This is one of the strong Sri Lankan Buddhist traditions in which we respect and become more and more obedient to our parents. In general, we should honour, respect and revere our parents whenever possible. As instructed in the teaching of the Buddha we should respect our parents while they are with us and also after their demise. Intrinsically, we are always ready to listen to our parents. Though we have our own freedom, ideas, and opinions, we keep our parents as the guiding light of our lives. We know very well that without our parents we would not be here today; that is to be understood by all of us very clearly. Who paved the way for all of us to stand on our own two feet? Who sweat days and nights for us, who fed us, who gave us whatever we asked for; in brief, who worked like dogs, like Trojans to make us happy from our earliest days? There was none other than our parents. That is why we should repeatedly respect and support our parents.

We should respect and support our parents while they are alive. There are some people in our society who try to respect their parents only after their deaths. While they are alive, no one is there to support them and treat them. Sometimes, they die without a sip of water. But right after that the children start to cry and weep and going from place to place build many kinds of monuments spending thousands or millions in their names. But that helps them only a very little. They have gone for good. For the departed ones there is only a very narrow opportunity to receive merit. Therefore, better to do it while alive, today, right now, do your own merit by yourself.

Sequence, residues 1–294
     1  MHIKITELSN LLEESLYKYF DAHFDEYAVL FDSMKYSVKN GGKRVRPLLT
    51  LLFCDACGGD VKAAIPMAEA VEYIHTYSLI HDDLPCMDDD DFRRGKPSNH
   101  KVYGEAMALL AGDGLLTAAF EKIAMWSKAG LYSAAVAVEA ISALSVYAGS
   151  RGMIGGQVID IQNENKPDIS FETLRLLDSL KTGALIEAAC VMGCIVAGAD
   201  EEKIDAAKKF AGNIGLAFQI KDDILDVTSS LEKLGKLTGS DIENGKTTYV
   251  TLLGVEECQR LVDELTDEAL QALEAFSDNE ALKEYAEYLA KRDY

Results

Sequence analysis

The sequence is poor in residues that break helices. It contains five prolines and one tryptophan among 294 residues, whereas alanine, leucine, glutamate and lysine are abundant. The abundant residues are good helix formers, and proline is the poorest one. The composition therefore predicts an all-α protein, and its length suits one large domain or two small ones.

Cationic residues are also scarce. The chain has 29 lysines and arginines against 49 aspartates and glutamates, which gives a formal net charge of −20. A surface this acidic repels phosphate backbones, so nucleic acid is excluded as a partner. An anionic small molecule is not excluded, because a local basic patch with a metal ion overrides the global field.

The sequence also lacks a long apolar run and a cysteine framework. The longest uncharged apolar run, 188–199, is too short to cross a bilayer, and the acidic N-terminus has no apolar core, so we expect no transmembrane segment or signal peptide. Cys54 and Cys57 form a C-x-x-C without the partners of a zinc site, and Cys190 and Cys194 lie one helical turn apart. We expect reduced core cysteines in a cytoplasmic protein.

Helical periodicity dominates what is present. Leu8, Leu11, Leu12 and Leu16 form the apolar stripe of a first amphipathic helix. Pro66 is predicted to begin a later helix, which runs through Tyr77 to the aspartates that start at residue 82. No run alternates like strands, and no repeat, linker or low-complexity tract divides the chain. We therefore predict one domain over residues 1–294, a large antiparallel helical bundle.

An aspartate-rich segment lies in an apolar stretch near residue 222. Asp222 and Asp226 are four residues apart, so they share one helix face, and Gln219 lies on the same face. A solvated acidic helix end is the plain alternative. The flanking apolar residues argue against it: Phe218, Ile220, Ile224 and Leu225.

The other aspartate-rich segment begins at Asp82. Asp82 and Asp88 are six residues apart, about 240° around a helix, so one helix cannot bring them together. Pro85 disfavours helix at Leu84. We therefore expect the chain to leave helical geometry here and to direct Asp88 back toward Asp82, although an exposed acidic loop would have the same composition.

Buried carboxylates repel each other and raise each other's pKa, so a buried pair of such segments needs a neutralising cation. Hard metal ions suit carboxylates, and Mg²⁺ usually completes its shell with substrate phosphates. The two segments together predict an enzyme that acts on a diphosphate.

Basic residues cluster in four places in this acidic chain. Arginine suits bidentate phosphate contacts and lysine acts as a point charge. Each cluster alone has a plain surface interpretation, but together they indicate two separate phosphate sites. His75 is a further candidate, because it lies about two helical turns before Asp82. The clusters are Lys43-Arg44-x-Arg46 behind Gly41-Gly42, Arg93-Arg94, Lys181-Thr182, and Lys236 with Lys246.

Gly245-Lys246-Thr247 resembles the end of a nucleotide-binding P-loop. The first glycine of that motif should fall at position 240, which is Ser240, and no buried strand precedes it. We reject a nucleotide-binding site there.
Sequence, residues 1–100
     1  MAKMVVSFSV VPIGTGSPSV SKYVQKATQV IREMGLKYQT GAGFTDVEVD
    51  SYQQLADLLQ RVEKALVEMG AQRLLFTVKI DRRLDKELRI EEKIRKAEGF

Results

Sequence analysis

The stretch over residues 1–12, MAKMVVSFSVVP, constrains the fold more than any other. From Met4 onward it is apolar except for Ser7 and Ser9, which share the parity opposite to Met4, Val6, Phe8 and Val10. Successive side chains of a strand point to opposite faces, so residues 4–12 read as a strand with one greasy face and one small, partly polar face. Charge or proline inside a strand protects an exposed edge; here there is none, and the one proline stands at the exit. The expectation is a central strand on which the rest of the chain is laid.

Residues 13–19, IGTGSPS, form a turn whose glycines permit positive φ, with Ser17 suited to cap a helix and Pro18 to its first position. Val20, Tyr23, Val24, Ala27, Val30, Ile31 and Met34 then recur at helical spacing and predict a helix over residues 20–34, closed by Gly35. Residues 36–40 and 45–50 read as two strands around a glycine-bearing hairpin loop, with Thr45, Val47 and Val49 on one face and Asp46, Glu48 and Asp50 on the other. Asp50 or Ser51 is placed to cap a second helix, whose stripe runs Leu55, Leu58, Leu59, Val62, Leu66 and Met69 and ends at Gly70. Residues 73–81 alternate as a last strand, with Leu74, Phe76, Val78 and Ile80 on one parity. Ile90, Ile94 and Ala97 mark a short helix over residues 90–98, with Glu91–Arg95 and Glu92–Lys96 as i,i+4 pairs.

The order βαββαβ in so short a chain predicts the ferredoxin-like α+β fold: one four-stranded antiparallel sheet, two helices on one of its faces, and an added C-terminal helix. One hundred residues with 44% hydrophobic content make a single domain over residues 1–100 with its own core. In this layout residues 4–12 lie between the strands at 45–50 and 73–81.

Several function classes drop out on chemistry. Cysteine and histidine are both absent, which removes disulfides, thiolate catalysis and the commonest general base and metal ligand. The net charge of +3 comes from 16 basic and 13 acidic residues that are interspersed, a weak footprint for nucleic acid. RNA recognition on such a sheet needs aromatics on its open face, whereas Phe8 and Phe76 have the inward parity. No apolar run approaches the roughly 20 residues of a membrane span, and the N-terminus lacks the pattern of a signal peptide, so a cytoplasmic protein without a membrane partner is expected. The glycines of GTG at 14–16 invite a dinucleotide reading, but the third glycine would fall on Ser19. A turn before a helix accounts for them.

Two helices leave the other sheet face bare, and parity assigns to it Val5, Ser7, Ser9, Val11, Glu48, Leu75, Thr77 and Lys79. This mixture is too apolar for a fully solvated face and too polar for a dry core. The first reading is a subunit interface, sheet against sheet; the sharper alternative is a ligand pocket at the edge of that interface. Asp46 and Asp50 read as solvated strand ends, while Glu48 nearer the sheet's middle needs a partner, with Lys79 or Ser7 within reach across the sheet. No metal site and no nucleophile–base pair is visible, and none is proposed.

We see some children who dislike looking after their parents strive to find some excuses saying that they have no time. But when we were little ones our mother or father did not seek such excuses. However, those who seek loopholes are not regarded as truly grateful sons and daughters. This is not the way that we should respect and support our humble and simple parents especially at the time in need. If we are mindful enough we can perform many kinds of meritorious deeds such as generosity, morality and meditation on behalf of our parents while they are still with us and also after their passing away. This is also one of the moral duties of the children. As the Buddha said, this will be certainly a great help for their samsāric journey.